Counting with the monumental and damaged legacy of Chuck Close

Chuck Close, who died of congestive heart failure last week, was an oversized presence in the art world for more than half a century. As Roberta Smith pointed out in her New York Times Valuation, Close’s career had three phases: the huge photo-realistic portraits, mostly black and white, and the self-portraits which brought him instant fame; the looser, more colorful, partly abstract with which he surprised us after suffering a collapse of the spinal artery which left him paralyzed from neck to feet; and accusations of sexual abuse of women which resulted in his downfall and banishment from the art world.

Time will reveal how it fits or does not fit into the art history of that period, but there will always be an asterisk attached to its name. Here are the voices of other artists – some of whom he painted – and Chuck Close curators they knew.

Cindy Sherman, artist

Chuck Close, Cindy ii, 1988. Oil on canvas, 72 x 60 “. N ° 19530.© Chuck Close, courtesy of the Pace Gallery

Dear Chuck, so sad … He was someone I loved a lot when I was young and started because he used a camera and himself in his job. Corn [it was] mainly because he was highly respected in the arts community at the time, when he was kind of like the mayor of SoHo. He has seen a lot of shows, mostly performances by young artists, which is not always the case with artists once they “get it” – they don’t have time to go to galleries, but he did. The first time I heard he went to one of my shows at Metro Pictures and said to Helene [Weiner] and Janelle [Reiring] that he loved my job, I was more than delighted. It was a very important lesson for me, a kind of giving back to the community, just showing up in the smaller galleries with young, new artists.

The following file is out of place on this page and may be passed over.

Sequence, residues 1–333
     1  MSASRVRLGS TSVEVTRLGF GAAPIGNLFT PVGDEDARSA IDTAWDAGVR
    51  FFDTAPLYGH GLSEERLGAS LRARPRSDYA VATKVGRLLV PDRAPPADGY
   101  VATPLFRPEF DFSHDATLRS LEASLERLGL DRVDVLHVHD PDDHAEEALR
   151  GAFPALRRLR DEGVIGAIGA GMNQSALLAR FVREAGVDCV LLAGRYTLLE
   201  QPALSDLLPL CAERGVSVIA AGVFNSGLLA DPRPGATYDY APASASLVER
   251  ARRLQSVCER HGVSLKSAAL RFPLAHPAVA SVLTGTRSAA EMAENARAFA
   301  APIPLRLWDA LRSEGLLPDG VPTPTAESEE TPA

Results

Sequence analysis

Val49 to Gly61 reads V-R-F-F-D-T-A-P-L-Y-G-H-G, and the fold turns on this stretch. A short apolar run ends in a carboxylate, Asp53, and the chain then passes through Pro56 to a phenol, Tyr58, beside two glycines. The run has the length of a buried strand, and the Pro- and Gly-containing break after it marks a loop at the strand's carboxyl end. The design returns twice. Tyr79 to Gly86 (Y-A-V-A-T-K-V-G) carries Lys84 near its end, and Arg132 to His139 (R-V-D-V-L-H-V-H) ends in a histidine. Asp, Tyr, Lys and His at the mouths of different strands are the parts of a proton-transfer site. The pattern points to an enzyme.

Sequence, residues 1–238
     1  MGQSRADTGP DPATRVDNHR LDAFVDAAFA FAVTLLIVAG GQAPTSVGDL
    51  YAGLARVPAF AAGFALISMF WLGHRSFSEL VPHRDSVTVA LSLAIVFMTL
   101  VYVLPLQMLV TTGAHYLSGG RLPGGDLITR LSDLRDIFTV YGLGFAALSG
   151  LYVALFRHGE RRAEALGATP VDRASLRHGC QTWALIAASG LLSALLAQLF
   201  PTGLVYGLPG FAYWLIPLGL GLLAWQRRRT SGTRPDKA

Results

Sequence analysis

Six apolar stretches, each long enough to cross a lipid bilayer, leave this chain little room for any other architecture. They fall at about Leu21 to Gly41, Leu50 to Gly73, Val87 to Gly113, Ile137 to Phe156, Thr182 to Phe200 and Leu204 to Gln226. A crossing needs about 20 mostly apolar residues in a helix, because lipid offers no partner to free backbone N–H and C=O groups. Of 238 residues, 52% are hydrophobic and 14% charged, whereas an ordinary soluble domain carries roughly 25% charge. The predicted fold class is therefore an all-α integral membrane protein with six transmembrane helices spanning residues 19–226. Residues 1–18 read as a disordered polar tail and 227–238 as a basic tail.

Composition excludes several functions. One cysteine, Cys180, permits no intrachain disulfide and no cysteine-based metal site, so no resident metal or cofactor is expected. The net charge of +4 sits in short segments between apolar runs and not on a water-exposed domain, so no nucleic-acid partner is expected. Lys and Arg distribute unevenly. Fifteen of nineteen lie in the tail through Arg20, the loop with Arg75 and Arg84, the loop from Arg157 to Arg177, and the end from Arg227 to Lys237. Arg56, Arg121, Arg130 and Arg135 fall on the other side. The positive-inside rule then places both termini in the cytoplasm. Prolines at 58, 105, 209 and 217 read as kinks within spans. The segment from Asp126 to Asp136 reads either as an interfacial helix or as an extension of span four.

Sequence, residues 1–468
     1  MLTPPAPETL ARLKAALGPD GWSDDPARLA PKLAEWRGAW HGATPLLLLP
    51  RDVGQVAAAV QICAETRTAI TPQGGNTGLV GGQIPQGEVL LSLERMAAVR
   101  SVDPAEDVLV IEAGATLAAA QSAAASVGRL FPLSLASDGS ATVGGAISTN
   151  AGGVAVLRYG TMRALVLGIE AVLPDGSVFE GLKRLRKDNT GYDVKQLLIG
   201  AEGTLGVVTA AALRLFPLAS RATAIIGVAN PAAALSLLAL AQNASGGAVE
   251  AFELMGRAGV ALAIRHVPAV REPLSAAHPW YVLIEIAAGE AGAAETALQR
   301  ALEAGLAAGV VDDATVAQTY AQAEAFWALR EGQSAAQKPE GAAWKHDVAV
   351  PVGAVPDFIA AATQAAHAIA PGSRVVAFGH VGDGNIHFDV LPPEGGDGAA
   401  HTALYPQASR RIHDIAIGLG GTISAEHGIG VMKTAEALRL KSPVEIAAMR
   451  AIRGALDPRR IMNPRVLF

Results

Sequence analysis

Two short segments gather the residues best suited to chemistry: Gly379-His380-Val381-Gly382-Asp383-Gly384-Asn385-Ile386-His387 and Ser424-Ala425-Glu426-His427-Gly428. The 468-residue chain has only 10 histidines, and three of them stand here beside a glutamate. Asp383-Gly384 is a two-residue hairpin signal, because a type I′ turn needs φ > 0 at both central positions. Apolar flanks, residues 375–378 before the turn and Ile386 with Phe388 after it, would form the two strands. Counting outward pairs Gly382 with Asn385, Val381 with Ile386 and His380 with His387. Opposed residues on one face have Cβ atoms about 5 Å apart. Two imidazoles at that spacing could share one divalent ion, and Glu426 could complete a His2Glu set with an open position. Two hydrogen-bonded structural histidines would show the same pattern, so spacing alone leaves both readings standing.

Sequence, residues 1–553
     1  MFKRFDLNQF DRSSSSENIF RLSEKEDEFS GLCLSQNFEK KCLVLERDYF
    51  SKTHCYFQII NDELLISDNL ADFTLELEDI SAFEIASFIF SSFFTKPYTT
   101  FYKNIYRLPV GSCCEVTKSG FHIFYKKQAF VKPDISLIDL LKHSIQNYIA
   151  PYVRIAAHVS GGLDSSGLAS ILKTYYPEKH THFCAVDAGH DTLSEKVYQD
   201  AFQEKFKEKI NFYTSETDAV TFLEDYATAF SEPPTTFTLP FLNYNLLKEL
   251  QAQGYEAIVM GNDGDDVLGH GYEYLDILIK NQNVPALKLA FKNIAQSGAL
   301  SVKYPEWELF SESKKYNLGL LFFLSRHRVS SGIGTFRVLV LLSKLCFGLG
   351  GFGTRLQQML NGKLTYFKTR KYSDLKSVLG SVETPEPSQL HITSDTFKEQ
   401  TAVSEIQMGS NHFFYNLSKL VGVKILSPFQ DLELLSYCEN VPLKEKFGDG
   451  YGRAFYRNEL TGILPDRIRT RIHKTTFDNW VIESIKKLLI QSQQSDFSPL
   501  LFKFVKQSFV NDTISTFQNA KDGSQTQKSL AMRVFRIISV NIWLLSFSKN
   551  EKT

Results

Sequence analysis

And he was everywhere, going to every major opening, serving on many boards and committees. We were on the Louis Comfort Tiffany board of directors together, and it was so sad after the allegations of sexual discussions were published. Phong Bui [The Brooklyn Rail’s co-founder] and I went to Florida to ask him to step down from the board. He suspected why we were there and fully understood that resigning was the best thing to do. On the flight home, I just cried and got drunk.

About Glenn Gosselin

Glenn Gosselin

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